Document Detail

Differentiation of visibility and alcohol as contributors to twilight road fatalities.
MedLine Citation:
PMID:  8976629     Owner:  NLM     Status:  MEDLINE    
Elevated road fatality rates at night involve multiple variables, each of which contributes to an unknown degree. In order to determine the relative contributions of reduced visibility and drivers' consumption of alcohol, we performed two quasi-experiments analyzing data recorded by the U.S. Fatal Accident Reporting System from 1980 through 1990. The results confirmed that both variables play a major role in nighttime road fatalities and revealed new evidence that they contribute differentially to two classes of fatal collisions: Degraded visibility in low illumination is associated primarily with collisions involving pedestrians and pedalcyclists, whereas drivers' consumption of alcohol plays a larger role in other fatal collisions.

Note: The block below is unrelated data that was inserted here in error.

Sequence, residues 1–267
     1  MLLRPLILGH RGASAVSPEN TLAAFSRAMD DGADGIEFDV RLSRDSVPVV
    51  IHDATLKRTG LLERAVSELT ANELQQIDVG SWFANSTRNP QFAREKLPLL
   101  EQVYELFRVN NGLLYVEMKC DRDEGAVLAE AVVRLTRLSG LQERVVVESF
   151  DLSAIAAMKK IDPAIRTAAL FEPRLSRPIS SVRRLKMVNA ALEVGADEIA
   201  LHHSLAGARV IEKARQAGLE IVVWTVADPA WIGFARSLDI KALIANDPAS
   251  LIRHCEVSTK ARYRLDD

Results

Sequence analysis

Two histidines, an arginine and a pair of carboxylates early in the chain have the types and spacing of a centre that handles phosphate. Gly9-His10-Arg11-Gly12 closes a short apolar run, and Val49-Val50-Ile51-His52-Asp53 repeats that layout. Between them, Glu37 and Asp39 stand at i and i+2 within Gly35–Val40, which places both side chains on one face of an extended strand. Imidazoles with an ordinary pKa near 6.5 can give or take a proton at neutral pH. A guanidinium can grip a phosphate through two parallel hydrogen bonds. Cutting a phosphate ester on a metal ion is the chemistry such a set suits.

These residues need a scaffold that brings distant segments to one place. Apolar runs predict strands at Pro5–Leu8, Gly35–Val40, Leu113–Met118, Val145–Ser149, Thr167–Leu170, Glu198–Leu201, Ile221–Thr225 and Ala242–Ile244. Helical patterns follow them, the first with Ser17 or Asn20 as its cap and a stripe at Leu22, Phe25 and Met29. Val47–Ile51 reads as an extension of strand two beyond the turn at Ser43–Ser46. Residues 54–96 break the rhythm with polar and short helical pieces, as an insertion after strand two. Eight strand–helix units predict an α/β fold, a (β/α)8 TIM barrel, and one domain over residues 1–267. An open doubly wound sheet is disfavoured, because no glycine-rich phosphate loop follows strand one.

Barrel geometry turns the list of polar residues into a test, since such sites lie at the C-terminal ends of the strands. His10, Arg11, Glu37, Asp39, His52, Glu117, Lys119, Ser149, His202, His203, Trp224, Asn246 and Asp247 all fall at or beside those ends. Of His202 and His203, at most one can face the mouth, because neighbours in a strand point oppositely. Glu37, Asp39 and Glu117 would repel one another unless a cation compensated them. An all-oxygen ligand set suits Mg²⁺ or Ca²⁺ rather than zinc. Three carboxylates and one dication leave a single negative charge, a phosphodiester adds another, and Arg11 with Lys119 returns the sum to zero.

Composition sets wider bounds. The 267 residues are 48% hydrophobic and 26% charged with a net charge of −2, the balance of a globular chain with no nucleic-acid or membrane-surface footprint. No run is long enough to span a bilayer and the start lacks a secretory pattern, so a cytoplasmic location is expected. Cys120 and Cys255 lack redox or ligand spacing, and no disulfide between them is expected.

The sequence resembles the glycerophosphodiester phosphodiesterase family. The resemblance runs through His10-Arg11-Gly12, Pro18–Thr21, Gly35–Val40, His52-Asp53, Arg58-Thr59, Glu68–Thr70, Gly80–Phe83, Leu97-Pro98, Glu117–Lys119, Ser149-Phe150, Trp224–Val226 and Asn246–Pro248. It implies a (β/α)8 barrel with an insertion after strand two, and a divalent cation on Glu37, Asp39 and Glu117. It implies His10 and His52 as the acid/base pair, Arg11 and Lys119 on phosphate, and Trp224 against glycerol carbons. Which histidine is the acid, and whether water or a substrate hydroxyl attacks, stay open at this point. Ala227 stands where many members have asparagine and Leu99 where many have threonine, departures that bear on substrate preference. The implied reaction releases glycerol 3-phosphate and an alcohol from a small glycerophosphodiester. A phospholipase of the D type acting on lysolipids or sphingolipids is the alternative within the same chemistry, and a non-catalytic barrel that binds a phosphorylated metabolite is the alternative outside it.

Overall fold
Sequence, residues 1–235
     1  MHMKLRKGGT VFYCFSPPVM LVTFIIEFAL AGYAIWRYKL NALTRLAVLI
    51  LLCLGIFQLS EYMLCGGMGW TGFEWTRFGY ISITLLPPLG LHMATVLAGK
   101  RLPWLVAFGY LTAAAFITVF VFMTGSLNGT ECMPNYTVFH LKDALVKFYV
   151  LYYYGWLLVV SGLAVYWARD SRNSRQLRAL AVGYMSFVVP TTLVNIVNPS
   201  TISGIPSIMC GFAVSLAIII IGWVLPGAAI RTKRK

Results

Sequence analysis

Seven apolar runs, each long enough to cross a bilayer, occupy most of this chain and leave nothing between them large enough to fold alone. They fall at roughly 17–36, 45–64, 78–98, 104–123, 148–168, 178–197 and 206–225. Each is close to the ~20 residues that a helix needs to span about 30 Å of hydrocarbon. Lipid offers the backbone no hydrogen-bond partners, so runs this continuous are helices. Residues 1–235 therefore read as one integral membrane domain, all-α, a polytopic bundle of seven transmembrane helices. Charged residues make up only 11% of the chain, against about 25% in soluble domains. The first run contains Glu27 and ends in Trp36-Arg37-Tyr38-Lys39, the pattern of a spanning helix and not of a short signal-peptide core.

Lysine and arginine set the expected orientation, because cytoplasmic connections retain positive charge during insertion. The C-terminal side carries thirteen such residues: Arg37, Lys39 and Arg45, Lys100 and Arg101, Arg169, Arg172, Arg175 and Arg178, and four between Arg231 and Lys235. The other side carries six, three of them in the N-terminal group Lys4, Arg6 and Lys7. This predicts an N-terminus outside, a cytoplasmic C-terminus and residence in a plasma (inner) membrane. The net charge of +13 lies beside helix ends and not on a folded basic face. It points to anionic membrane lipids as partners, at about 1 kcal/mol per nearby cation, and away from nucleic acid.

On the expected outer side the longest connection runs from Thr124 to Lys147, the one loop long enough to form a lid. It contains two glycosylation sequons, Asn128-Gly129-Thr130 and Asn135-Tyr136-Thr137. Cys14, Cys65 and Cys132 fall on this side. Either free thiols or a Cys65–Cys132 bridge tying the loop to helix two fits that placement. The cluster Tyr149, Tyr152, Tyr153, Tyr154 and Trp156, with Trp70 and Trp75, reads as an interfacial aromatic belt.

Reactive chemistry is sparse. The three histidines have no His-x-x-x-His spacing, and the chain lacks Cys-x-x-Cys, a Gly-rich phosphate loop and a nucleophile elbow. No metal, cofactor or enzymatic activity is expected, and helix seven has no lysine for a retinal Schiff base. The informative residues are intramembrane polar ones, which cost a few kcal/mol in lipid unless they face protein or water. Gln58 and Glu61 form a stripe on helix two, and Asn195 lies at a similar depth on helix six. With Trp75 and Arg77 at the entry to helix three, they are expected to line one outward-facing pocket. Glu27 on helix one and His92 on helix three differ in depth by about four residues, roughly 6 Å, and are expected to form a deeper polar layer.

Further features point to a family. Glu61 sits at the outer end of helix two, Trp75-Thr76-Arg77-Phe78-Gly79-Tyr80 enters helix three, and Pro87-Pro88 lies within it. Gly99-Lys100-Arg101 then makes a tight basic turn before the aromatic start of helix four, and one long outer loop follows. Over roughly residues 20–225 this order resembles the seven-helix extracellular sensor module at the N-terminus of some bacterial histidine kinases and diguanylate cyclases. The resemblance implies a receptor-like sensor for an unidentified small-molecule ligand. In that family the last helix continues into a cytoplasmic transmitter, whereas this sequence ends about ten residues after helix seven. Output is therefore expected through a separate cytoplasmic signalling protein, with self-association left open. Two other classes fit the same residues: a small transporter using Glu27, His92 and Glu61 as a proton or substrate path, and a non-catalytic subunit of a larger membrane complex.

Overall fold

D A Owens; M Sivak
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Publication Detail:
Type:  Journal Article; Research Support, Non-U.S. Gov't    
Journal Detail:
Title:  Human factors     Volume:  38     ISSN:  0018-7208     ISO Abbreviation:  Hum Factors     Publication Date:  1996 Dec 
Date Detail:
Created Date:  1997-02-10     Completed Date:  1997-02-10     Revised Date:  2006-11-15    
Medline Journal Info:
Nlm Unique ID:  0374660     Medline TA:  Hum Factors     Country:  UNITED STATES    
Other Details:
Languages:  eng     Pagination:  680-9     Citation Subset:  IM; S    
Franklin and Marshall College, Lancaster, Pennsylvania 17604-3003, USA.
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MeSH Terms
Accidents, Traffic / mortality*,  prevention & control
Alcohol Drinking / adverse effects*
Case-Control Studies
United States

From MEDLINE®/PubMed®, a database of the U.S. National Library of Medicine

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